CAFOs Plan Ahead: Three Programs You Need To Know About

Keeping your improvement projects on schedule means getting your product to market quicker and more efficiently.

Are you planning an important project?

An improvement project means you may have multiple permits which require your attention and compliance. If your improvement project falls into one of these examples below, plan ahead to comply with permitting processes— it’s a planning step that will save you time and money in the long run.

These types of structures and systems require permitting prior to construction:

  • Manure storage facilities
  • Runoff control structures
  • Manure treatment or transfer systems, including those related to animal housing
  • Digesters for biogas production
  • Permanent spray irrigation or other land application systems
  • Groundwater monitoring systems
  • Compost facilities
  • Feed and other raw materials storage
  • Other structures or systems associated with the storage, containment, treatment, or handling of manure or process wastewater.

1) Wisconsin DNR Wetland Permitting Process

As of June 1, 2016, you must incorporate a pre-application review process under the changed WDNR Wetland Delineation and Screening Policy. If the screening process reveals your project has the potential to impact wetlands, you will need extra time for a wetland delineation. Your delineation will also need WDNR concurrence before you can apply for a permit.


Property owners seeking permits for concentrated animal feeding operations will need to review available maps to determine if wetlands are on, or next to, a proposed project. While this new process may speed up permitting for some projects, it means significant pre-planning. Field work, including the boundary reviews by regulatory agencies, must be conducted during the growing season, which typically is between April and October.

Finally, know that WDNR concurrence may take up to 60 days. If you are planning a project to begin next spring, your delineations should be completed by August 2016 to give the WDNR adequate time for review.


Simply, anyone proposing a project. Specifically, the list of affected projects includes:

  • Any project disturbing wetlands.
  • Any project requiring a Stormwater Permit (if disturbing more than one acre of land).
  • New or expanded concentrated animal feeding operations.


The pre-screening process requires you look at a variety of maps. The WDNR recommends using their Surface Water Data or local GIS sites. If the maps show wetlands might be present on or next to a project, you will need to get a wetland review from a qualified wetland professional.

A map of Devil’s Lake State Park with wetland inventory (gold) and the the wetland indicators (pink) layers. Projects on or adjacent to either gold or pink layers will need a pre-screening. (Source:


  • A wetland review includes either of the following:
  • A wetland determination report identifies the absence of wetlands on or adjacent to the project site
  • A wetland delineation report defines the boundaries of the wetlands

Reports must be submitted to the WDNR, the US Army Corps of Engineers or both, and must be approved by one of these agencies before applying for a permit. Finally, documentation of approval must be included in the permit application.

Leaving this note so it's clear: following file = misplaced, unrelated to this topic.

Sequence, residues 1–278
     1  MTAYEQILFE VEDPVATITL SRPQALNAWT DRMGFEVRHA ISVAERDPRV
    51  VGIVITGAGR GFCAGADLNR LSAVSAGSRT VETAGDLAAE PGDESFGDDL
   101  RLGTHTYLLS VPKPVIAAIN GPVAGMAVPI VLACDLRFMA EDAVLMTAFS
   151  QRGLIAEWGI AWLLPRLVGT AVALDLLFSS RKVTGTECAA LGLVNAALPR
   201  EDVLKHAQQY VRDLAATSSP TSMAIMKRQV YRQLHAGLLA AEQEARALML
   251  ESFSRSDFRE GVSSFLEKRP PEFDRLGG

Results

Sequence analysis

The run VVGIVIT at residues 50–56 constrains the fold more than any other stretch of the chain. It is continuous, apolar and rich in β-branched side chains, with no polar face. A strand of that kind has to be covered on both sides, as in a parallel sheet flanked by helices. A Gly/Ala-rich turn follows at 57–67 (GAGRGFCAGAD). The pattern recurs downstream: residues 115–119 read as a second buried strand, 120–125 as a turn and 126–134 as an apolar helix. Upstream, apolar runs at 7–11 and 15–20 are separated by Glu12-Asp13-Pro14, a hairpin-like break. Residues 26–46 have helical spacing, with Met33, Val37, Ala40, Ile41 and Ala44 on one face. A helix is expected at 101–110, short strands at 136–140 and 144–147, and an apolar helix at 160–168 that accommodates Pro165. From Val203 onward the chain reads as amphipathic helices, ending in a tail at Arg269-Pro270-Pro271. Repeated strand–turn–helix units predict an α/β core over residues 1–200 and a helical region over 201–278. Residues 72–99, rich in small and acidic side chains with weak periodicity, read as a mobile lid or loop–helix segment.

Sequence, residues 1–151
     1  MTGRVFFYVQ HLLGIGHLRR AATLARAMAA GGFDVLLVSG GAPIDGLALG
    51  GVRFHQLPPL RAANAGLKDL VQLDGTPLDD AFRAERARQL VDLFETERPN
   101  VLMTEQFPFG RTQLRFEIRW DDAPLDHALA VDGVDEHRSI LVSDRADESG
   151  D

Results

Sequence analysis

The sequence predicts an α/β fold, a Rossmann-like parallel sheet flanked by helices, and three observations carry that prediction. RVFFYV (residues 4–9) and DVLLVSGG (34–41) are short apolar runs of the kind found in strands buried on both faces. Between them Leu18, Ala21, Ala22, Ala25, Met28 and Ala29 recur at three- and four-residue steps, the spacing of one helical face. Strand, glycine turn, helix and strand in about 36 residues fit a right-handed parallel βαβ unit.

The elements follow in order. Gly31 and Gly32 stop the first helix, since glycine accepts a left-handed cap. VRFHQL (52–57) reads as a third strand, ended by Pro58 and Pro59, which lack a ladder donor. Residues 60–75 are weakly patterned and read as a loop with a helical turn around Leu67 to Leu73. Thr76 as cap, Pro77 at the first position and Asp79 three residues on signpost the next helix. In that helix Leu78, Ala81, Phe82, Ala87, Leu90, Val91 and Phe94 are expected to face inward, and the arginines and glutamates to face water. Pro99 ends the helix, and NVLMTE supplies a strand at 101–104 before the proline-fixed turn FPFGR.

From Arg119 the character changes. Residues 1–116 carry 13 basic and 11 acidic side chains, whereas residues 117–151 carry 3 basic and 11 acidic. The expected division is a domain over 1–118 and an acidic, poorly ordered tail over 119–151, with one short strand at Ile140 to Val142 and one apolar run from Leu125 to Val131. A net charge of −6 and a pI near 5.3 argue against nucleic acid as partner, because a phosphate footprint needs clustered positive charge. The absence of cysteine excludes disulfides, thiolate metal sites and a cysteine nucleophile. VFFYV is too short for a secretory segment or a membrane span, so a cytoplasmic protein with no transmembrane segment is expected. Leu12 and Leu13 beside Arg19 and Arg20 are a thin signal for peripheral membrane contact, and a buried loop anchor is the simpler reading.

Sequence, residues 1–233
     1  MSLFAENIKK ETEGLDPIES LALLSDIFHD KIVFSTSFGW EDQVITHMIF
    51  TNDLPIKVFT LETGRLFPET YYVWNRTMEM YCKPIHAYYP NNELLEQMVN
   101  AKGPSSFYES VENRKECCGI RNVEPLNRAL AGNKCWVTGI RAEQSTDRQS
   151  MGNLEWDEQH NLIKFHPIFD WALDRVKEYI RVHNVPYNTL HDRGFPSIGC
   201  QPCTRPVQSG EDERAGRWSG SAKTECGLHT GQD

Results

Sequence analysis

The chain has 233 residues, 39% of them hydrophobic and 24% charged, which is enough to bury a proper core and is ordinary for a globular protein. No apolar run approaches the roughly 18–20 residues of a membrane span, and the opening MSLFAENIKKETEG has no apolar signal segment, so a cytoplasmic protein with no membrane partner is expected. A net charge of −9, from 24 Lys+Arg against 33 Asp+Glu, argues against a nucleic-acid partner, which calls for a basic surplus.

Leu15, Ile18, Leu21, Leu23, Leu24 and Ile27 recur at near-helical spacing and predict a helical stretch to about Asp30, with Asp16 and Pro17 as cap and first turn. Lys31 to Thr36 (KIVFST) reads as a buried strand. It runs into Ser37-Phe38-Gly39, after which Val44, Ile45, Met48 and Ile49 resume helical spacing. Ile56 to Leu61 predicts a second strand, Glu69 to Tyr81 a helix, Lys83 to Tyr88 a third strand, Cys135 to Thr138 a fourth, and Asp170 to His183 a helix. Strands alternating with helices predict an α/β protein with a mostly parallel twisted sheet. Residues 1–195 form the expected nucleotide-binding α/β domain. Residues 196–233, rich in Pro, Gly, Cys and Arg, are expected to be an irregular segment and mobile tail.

The goal of the new WDNR wetland permitting policy is to:

  • Reduce permitting delays
  • Improve diligence to identify wetlands
  • Provide a consistent statewide process for determining a project’s potential to impact wetlands.

2) Wisconsin Pollutant Discharge Elimination (WPDES) Permit

For the WPDES program, you must plan ahead. At least 90 days before beginning construction, existing or proposed CAFOs must submit plans and specifications for reviewable construction projects to the WDNR for approval. Approval of plans and specifications is a requirement before proceeding with construction.

3) Natural Resources Conservation Service

NRCS standards define the practice (project) and where it applies. Practice standards are detailed requirements for installing the practice in the state. Technical standards are the primary scientific references for NRCS. They contain technical information about the conservation of soil, water, air and related plant and animal resources.

One challenge is the state technical standards continually change to meet Federal EPA rules, making a review an important step in the process. In fact, changes are under way now. SEH is participating in a work group with the WDNR, NRCS and DATCP to revise technical standards for Vegetated Treatment Areas to enhance the protection of the surface and groundwaters of the state. This means changes may occur to comply with the recently released (Sept. 2015) National 635 standard. CAFOs need to meet EPA's effluent guideline of no discharge. Also under consideration is developing criteria for smaller animal feeding operations.

Have a question?

Not completely sure how to proceed with your project to be compliant with permitting? At SEH, our specialists are ready to provide any guidance you need to make sure your project stays on track.

We have worked with farmers and CAFOs across Wisconsin to design and implement system improvements. We help owners navigate the permit approval and construction documents. Beyond the permitting, we manage the construction staking, inspections, and the development of systems to manage waste. We are supported by a team of SEH engineers, architects, planners and scientists who’ve been doing this type of work for several decades.

Dan Hedrington
Client Service Manager

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